To update the COMPR parameter, if the old COMPRE flag is set to 1, the old COMPR value can be overwritten with the new COMPR value. However, if the old COMPRE flag is set to 0 and the newly computed COMPRE value is set to 1, all the binary data following the COMPRE parameter should be shifted by 8 bits to make room for the new COMPR value. The COMPRE flag in the frame is then set to 1 and the new COMPR value is written into the newly created 8 bits of space. If the old COMPRE flag is set to 1 and the new COMPRE flag is set to 0, then the COMPRE in the frame is set to 0 and all the binary data following the COMPR parameter should be shifted by 8 bits, because the COMPR parameter no longer exists in the frame.

To update the DYNRNG parameters in each Audio Block, if the old DYNRNGE flag is set to 1, the old DYNRNG value can be overwritten with the new DYNRNG value. However, if the old DYNRNGE flag is set to 0 and the new DYNRNGE flag is set to 1, all the binary data following the DYNRNGE parameter should be shifted to make room for the new DYNRNG value. The DYNRNGE flag in the frame is then set to 1 and the new DYNRNG value can be written into the newly-created 8 bits of space. If the old DYNRNGE flag is set to 1 and the new DYNRNGE flag is set to 0, the DYNRNGE flag in the frame is set to 0 and all the binary data following the DYNRNG parameter should be shifted by 8 bits, because the DYNRNG parameter no longer exists in the bitstream.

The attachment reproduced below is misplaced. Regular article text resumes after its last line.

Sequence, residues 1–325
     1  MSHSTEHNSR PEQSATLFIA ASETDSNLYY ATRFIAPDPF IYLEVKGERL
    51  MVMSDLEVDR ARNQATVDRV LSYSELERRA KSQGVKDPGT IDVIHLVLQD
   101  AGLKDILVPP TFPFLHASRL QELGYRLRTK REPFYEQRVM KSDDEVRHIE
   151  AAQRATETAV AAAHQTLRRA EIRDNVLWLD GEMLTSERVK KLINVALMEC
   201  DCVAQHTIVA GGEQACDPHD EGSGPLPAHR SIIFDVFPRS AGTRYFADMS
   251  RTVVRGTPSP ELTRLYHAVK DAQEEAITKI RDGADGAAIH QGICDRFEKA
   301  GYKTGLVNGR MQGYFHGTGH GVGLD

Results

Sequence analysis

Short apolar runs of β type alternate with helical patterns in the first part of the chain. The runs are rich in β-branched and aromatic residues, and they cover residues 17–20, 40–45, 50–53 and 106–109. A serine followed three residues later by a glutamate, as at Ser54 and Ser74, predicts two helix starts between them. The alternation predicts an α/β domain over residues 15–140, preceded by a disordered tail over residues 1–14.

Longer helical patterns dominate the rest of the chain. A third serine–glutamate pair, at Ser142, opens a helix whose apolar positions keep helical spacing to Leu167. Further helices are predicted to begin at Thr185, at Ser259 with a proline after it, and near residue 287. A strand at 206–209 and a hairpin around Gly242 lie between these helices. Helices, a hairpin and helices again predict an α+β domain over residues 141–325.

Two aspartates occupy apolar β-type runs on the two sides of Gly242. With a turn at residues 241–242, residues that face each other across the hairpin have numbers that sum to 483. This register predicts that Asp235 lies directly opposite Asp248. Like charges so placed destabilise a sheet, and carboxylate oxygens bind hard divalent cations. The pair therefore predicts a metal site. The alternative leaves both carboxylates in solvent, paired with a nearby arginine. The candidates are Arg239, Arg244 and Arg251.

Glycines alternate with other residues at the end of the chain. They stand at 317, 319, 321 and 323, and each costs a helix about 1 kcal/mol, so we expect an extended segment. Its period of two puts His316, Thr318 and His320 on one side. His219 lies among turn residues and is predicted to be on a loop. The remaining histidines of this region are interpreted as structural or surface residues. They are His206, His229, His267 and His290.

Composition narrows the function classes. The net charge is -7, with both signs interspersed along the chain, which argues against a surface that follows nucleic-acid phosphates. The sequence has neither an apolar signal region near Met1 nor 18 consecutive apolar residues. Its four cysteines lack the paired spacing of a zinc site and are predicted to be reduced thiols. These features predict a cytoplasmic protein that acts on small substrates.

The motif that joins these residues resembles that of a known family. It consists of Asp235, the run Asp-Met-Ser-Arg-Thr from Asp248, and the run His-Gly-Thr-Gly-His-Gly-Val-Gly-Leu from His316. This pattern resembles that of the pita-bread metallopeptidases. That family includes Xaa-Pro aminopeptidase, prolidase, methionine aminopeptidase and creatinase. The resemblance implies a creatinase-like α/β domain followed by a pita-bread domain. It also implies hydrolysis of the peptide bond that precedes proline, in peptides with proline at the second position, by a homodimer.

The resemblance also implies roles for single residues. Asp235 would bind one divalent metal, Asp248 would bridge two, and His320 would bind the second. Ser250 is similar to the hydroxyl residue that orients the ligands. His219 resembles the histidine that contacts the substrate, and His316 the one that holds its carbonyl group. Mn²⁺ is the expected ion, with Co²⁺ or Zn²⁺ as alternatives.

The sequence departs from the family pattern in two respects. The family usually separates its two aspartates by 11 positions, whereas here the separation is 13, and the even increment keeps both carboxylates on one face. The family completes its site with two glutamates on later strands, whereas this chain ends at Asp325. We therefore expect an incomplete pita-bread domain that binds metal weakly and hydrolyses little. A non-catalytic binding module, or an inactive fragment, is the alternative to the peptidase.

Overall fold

The SKIPL parameter indicates the length of the SKIPD field in bytes. To reduce the length of the SKIPD field, the binary data to the right of the SKIPD field should be shifted by a multiple of 8 bits. The SKIPL parameter is then updated to reflect the new length of the SKIPD field. Occasionally, a SKIPD field may contain optional information that is not officially defined in the AC3 standard (see, for example, the A52/A document, cited above). If the first bit in the SKIPD field is equal to 1, then information bearing data follows in the SKIPD field, otherwise the bits in the SKIPD field are all set to 0. If information is present and the SKIPD field needs to be shortened, then it can only be shorted up to this information. This allows the information to be maintained within in the AC-3 frame.

Following the modification and updating of the unused data bits, the DIALNORM verification data can be inserted into the unused bits. As discussed previously, this data can take several forms, including a duplication of the frames DIALNORM parameter with sufficient synchronization and identification data information. This allows a DIALNORM verification decoder process to search the unused data bits, identify whether DIALNORM verification data exists and compare it to the standard DIALNORM parameter embedded in the AC-3 bitstream.